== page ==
Carbon collect pure CO2 in streams and

dioxide produces more waste than anything else. As a result, researchers
at the American Chemical Society have discovered new ways to convert this into “energy-rich
byproducts”. To convert carbon dioxide into fuel, researchers copy the process
of photosynthesis to produce carbohydrates. These reactors must run off
temperatures as high as 1000 degrees. Since it is difficult to reach those
temperatures, most researchers perform these same reactions at room temperature
and use catalysts. The first thing to do is to convert Carbon dioxide to CO. To
do this, scientists use two catalysts that separate Carbon dioxide, yielding CO
and water. To perform the reaction, it only takes 1.33 volts of electricity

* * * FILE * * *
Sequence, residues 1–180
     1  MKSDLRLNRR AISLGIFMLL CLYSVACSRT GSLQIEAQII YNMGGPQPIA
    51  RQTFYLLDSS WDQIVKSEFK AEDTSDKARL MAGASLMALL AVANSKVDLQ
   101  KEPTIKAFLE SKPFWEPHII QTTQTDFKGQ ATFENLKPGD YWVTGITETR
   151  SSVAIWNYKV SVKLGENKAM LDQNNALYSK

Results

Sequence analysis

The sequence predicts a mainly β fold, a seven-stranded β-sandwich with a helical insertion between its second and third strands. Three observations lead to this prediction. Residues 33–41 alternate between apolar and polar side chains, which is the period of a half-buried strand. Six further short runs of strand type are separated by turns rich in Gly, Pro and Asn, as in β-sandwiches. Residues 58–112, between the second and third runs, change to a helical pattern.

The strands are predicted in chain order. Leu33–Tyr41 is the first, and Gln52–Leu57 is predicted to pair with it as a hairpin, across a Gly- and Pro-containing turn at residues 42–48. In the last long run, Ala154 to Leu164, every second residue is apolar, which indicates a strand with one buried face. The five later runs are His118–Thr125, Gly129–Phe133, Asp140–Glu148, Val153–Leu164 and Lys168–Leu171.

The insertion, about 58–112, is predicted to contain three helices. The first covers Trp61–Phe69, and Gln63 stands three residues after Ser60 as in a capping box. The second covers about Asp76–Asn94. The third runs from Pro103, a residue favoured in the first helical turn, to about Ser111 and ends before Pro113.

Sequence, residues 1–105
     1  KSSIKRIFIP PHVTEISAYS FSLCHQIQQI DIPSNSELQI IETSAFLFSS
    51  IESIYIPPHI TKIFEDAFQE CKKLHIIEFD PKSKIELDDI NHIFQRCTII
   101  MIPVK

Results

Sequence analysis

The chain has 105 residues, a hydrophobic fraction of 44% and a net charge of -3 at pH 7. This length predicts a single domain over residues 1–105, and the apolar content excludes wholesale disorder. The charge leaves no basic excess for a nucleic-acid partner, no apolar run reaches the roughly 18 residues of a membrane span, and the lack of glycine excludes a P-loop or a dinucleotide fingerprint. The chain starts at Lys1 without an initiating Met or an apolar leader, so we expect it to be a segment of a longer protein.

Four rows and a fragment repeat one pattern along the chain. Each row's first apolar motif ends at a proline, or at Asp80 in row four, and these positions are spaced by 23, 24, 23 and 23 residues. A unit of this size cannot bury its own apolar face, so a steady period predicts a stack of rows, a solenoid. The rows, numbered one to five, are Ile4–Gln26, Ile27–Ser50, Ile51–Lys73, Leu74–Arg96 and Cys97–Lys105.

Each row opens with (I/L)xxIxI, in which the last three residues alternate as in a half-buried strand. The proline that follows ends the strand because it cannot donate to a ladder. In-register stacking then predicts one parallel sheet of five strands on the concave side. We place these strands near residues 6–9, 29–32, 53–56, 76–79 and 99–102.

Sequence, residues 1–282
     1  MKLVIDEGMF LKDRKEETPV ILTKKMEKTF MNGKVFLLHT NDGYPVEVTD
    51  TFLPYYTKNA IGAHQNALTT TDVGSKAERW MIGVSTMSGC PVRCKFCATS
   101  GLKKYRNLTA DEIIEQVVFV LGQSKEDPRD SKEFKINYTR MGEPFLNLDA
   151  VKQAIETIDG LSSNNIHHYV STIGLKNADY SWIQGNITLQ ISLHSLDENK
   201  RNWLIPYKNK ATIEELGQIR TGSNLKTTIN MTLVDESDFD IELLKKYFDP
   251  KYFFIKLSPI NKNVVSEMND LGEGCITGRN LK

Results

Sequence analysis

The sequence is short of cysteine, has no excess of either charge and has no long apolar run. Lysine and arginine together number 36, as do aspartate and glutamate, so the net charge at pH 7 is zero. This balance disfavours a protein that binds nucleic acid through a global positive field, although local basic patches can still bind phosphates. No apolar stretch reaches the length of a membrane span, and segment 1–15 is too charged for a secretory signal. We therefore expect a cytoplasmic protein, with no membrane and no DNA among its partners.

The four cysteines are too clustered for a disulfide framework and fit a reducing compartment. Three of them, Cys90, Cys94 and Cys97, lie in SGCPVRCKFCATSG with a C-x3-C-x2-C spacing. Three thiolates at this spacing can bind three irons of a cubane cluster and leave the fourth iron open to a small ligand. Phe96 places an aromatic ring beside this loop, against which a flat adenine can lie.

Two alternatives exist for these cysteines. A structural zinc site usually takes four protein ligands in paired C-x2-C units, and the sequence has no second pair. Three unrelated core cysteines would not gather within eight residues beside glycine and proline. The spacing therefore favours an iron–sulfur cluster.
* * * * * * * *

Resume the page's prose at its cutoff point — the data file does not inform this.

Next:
which is less than a double A battery, to speed up the reaction. In 2011, a group
of researchers that was guided by Richard Masel “CEO of Dioxide Materials in
Boca Raton, Florida” constructed an experiment with iridium oxide and silver
catalysts with liquid electrolytes. The electrolyte is used to form a defensive
coating around silver. The benefit from this process is that it only needs 0.17
volts. The bad thing was that is it very expensive to produce. Despite the
flaws, the membranes were reported as successful. Chemist Richard NI stated
that using these membranes produced CO more efficiently and double the rate
compared to those without them. On top of that, the devices used for it
remained undeteriorated even after 6 months. Other scientists decided to
improve this experiment as well. “Fan Shi, who is a chemist at the National
Energy Technology Laboratory in Pittsburg, Pennsylvania” had the idea of making
methanol fuel with a similar approach. He later came up with a “synthetic diesel
fuel from Carbon dioxide and water with a high temperature process called blue
crude”. Through thorough experiments, scientists are determined to explore and collect
pure CO2 in streams and renewable power to satisfy energy needs in
times of low demand.